‘What do you want to be when you grow up?’
It’s a question we expect as children. The older we get, the more we dread it. We quickly learn that some answers are acceptable and some are not. Of course, the answer that leads to popping champagne corks and clapping of hands at home may be one that leads to rending of garments and gnashing of teeth amongst friends or more distant relatives. There is no one size pleases all.
So I wanted to be a writer.
Like anyone else with that ambition, the first question I faced was, ‘How can you make a living from that?’
The problem with being asked that question as a child is that you cannot relate to the time when you will need to bring home enough money to pay the bills, buy the food and maybe have enough left over for a little treat every now and then. Your parents manage so you assume that you will, too.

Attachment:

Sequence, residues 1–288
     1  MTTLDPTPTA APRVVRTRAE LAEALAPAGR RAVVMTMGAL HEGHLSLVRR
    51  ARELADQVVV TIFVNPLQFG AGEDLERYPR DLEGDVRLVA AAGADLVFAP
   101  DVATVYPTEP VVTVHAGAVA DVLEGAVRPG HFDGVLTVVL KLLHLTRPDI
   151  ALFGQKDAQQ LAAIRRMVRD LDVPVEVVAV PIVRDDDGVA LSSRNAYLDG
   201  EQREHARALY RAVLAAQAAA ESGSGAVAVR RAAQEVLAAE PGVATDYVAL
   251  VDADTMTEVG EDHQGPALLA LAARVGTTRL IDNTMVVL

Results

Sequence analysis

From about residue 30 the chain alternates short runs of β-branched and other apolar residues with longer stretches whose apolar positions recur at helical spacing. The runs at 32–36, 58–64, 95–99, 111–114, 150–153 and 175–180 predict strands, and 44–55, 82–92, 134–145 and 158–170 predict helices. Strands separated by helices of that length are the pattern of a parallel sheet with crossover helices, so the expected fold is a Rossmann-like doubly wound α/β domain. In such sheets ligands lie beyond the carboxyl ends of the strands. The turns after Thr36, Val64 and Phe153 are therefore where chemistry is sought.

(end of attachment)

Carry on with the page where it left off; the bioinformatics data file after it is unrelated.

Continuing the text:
The question should be, ‘What do you want to do during the day to allow you to write at night?’
As teenagers, we think it will be romantic and authentic to live in a garret, write by candlelight and eat cold baked beans out of a tin. As adults, we quickly learn that you need to put down a sizeable deposit for even the smallest garret, your Mac can’t run on candles and cold baked beans are just foul. And when you start to dream of a nicer place to live and private school for your children, the dream of being a struggling writer quickly fades into the background. For every million dollar success story, there are thousands of published writers who still can’t give up the day job.
I am trying to figure out why I have trouble committing to my dream of being a writer. It’s what I want to do, it’s what I’ve always wanted to do. It’s what makes me happiest. Even though I’ve finally found a day job that I truly enjoy, I still want to be a writer. I am a writer.
Something is still holding me back.
And I am determined to find out why.